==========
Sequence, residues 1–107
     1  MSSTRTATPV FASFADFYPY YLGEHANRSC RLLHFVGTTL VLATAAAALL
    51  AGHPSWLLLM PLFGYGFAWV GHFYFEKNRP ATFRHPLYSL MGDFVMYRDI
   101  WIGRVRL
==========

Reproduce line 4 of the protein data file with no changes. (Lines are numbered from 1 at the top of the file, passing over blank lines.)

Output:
   101  WIGRVRL